It's well written, though the present tense narrative, of which I'm very definitely not a fan (in truth, I really hate it!), just doesn't work here. It was a little messy. It all got a bit confusing, too: many plot twists and turns, a plethora of characters made it a bit hard to keep up, and it was rather misty and woolly towards the end.

That said, it's a delightful, witty and entertaining read, and I can't wait to catch up with these very likable senior citizens again.

 
 
 

Tuesday, 2 November 2021

Blood on Their Hands by Bob Brink

 

This made for some difficult reading. Although set in 2008, it is shockingly prescient: the focus of the story is the unwarranted, severe beating of a US immigrant by two policemen. I'm sure that rings a very loud bell.

So we're talking racism; but then there's the lawyer, Hiram Garbuncle, (who also happened to be a witness to the event) defending the victim. He's an alcoholic, or a functioning alcoholic as he calls himself, which to me is an oxymoron. An alcoholic doesn't function, he's always drunk. He's also a bit of a slob, as tight as a cat's patootie and generally rather unlikeable. How or why his best friend, or anyone, in fact, sticks by him is beyond me. Even more incomprehensible is how he's still a lawyer: he's wasted most of the time. And, despite his resolve to get justice for the victim, there's a streak of racism running through him too:  it's uncomfortable.

A raw subject, a lot of unpleasant characters, some rather clumsy dialogue: nevertheless, you're compellingly nudged to read on. Garbuncle has to dodge death and bullets and suffer tragedy to get justice. Enough to make him sober up, you'd think.

I have to say, for all that (and despite the victim, Alec, morphing momentarily into an Eric (!!!)), I did enjoy this. It moves along apace and despite Garbuncle's unattractiveness, you do find yourself rooting for him. I think the author has been rather clever here. I might have to admit that I'd be tempted to read a Garbuncle sequel!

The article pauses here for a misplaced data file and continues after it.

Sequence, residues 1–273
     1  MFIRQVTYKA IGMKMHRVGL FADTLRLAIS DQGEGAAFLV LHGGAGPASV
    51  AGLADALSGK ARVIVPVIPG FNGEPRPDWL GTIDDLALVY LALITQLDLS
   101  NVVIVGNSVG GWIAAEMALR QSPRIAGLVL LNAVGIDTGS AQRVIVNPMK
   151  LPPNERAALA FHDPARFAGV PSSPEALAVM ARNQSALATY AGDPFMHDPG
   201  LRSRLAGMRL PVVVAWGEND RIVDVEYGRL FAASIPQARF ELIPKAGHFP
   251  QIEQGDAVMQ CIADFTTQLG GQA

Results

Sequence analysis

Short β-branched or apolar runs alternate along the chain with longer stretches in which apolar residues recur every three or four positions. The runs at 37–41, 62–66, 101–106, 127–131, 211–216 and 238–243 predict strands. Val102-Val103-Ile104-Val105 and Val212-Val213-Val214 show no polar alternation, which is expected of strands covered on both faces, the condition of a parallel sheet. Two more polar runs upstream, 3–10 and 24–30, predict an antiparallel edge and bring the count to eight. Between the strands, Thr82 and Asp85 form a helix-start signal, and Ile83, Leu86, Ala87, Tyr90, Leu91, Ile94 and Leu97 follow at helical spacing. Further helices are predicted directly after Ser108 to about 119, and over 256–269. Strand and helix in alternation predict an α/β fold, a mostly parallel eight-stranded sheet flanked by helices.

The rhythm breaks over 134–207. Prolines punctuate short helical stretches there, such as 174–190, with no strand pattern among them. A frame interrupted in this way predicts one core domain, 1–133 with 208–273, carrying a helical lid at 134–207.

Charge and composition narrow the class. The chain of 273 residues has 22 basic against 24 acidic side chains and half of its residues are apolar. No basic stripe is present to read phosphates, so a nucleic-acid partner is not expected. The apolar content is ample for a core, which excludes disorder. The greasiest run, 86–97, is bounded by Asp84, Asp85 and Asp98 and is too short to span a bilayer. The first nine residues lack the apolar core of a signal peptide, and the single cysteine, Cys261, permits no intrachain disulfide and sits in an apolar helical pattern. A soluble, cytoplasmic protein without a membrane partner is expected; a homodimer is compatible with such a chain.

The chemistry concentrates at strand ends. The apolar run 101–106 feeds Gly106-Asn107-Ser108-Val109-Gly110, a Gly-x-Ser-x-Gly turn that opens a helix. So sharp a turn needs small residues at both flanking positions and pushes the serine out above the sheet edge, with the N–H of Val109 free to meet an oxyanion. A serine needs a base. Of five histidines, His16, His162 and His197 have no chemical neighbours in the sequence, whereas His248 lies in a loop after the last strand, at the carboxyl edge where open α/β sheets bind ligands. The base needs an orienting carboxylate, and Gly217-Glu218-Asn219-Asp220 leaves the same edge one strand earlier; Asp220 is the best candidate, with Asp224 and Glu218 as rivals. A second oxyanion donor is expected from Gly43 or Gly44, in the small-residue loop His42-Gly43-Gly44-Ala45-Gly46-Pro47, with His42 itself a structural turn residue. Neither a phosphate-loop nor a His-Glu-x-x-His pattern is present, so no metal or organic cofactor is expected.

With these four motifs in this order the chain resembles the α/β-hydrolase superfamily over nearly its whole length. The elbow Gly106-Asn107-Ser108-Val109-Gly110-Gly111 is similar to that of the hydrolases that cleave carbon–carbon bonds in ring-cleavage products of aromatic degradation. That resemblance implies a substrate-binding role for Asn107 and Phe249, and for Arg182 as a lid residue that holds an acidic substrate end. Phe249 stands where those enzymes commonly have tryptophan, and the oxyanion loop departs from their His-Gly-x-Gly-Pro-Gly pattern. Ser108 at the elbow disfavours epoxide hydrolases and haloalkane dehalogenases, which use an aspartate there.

Wednesday, 20 October 2021

Shadowcast by V. P. Morris

 

This is an enjoyable psychological thriller. We, the readers, know from page one that Freddy did the deed. Dakota Kilroy, an out-of-work journalist investigating the unsolved disappearance of her best friend some twelve years earlier, doesn't know what we know. The story is told through two POVs: Dakota's and Freddy's. How Dakota unfolds the events leading up to Maddy's fate and how Freddy does his best to thwart her investigation is what keeps this story compelling and intriguing to the end.

Morris has compiled a full and varied list of characters from Dakota, the driven and persistent investigative journalist who couldn't be any more different to her mother and sisters, to the warped and twisted Freddy and his long-suffering mother, now having to relent to some of the less-pleasant gifts of aging.

I'll be honest: there are a couple of 'hmm, really?' moments, where the plot hits a few conveniences and improbabilities, but, hey, it's fiction, and my enjoyment of a story that never loses momentum makes them pale into insignificance.

This is a debut novel and one that has assured a place for Morris in my 'read more of' list. I'm pretty sure Dakota and her compulsion to dig deep has many more gripping adventures for us to savour.






Tuesday, 12 October 2021

The Hunted by Jo McCready

This is a well-written and well-thought-out thriller, and although it's fairly easy, at an early stage, to work out how the victim died, it's compelling right to the end.

It's an intriguing story about the mysterious death of a wealthy businessman on a hunting trip in the Scottish highlands. A tragic accident is the verdict that is completely unacceptable to his widow, whose brother employs a virtually untraceable agency specialising in just this sort of investigation. Agent RJ Rox is assigned the case. And it's a tricky one, not least because Scotland holds some bad memories for her, and she and her co-investigator have some rather awkward history.

Scotland is a beautiful backdrop to any story, but I didn't feel it: there isn't enough scenic description to transport you to the really magical countryside that Scotland has, and perhaps the Scottish locals' dialogue could have had some Scottish spelling and words to get a feel of the lilt. But that really is my only niggle. The pace is fast, the main characters are strong and interesting and oh, what was that on the last page…a teensy little lead-in for an RJ thriller #2?

I do hope so: McCready has created a character in RJ you want to get to know better and find out what makes her tick. I'm ready and waiting for #2.